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High-gain voltage-controlled transistor amplifier

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High-gain transistor amplifier designs are often relatively unstable. In addition, most of these circuits require excessive power. It is possible to build an amplifier combining high gain with stability and low power consumption, using the circuit in Fig. 1. This amplifier's gain is controlled by an external reference voltage. Closed-loop gain is about 15,000.

Fig 1
Fig. 1. Simplified circuit diagram of the high-gain amplifier. Resistors values will depend on the transistors used and available supply voltage. The transistors are, from left to right, Q1, Q2 and Q3. All are silicon n.p.n. types with betas greater than 100.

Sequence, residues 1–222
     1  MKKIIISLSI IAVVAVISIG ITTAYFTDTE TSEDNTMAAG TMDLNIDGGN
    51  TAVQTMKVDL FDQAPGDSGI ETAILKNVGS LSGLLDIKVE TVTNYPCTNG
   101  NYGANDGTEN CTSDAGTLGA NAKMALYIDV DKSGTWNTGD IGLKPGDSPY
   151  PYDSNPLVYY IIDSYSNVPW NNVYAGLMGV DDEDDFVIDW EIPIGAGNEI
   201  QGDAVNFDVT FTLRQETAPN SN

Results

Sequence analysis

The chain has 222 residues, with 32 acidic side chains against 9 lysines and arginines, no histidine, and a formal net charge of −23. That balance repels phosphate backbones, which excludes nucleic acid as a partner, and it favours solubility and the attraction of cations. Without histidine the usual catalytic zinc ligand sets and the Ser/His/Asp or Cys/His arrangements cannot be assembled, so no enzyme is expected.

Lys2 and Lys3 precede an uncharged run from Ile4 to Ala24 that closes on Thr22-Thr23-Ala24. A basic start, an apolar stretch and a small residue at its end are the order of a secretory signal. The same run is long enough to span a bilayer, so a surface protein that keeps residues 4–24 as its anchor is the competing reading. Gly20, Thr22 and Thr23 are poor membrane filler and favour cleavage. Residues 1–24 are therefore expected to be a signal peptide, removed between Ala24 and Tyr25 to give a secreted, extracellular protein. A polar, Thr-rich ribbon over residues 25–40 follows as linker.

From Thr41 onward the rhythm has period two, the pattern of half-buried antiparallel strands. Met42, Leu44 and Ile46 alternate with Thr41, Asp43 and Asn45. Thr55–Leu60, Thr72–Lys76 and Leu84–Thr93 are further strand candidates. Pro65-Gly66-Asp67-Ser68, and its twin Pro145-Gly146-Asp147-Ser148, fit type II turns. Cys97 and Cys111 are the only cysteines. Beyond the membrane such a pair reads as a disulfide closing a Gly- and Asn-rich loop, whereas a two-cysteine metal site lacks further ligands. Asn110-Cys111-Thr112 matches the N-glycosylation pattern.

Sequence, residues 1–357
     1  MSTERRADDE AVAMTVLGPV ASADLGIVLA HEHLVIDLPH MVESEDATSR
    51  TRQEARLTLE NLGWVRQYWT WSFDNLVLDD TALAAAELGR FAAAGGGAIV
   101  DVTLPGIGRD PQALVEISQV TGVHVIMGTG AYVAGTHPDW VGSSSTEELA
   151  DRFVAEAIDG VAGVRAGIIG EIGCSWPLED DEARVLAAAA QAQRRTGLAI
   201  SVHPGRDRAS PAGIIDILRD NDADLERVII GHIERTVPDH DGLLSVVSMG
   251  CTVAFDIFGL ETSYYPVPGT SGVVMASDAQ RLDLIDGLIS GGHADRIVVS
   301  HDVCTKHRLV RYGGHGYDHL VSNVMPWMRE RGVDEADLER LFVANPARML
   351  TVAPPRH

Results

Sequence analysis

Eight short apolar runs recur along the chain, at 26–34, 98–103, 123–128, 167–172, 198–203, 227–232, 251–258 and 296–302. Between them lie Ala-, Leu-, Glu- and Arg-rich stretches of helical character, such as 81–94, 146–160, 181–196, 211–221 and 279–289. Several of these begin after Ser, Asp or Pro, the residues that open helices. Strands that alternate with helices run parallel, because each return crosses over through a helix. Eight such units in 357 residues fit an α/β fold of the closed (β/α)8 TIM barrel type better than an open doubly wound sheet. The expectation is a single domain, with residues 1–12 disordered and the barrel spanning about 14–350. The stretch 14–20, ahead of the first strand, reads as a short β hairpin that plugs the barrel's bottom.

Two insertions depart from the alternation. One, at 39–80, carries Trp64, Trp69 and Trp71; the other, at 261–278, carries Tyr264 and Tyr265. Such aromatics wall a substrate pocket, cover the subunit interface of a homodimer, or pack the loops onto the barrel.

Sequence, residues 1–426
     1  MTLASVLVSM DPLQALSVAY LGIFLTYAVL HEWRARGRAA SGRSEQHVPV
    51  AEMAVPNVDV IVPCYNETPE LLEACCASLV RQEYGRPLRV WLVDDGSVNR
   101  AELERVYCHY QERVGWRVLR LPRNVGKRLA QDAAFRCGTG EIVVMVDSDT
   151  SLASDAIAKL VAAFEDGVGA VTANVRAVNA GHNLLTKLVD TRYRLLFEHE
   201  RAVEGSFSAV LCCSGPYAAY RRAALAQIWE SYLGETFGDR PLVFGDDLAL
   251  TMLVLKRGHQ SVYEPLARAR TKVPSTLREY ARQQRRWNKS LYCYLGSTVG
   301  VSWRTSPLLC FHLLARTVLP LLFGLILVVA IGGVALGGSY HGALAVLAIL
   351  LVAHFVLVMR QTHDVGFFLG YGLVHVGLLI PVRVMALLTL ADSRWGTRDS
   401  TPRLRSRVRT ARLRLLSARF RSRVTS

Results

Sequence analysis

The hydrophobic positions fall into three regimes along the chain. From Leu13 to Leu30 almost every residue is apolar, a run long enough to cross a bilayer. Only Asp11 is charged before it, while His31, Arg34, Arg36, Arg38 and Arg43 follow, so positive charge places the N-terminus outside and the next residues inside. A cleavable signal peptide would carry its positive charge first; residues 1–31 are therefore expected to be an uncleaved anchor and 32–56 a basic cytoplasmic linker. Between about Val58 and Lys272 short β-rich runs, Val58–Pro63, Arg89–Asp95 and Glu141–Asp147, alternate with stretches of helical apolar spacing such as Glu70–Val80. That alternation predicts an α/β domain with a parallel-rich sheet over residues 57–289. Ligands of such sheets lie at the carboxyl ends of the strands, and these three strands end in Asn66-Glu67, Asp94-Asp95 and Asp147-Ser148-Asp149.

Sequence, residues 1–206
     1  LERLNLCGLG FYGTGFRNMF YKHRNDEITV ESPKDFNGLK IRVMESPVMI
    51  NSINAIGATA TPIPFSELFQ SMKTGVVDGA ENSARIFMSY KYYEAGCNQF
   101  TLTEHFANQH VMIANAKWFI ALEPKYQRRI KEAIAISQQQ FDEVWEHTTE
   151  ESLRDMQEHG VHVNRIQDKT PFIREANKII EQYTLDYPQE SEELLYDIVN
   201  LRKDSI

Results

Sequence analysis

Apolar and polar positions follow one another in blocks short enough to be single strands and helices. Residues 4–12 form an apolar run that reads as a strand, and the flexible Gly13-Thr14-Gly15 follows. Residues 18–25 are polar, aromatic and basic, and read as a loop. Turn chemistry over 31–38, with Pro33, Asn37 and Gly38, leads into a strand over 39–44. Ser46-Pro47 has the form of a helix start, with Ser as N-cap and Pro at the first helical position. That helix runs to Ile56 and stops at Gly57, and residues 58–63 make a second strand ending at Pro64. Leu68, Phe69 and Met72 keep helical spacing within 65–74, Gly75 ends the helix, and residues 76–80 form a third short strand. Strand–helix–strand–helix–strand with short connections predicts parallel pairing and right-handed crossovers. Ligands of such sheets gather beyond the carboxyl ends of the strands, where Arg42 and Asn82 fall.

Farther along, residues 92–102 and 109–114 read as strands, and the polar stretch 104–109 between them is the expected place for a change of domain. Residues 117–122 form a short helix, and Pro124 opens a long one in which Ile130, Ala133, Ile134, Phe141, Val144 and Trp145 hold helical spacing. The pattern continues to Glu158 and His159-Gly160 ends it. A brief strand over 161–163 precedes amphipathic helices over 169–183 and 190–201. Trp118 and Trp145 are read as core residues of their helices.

The gain of the amplifier stage, Q1, is stabilized by using a difference amplifier circuit, Q2 and Q3, to sense and correct changes in Q1's operating point. The a.c. gain of Q1 is controlled by its d.c. operating point. This d.c. operating point is controlled by the difference amplifier, Q2 and Q3i through the feedback loop Loin the collector of Q3 to the base of Q1. Varying the reference voltage to the base of Q3, therefore, varies the a.c. gain of the amplifier.

The overall stability of this circuit depends on the use of quality components and transistors with betas greater than 100.

NASA Tech Brief 65-10138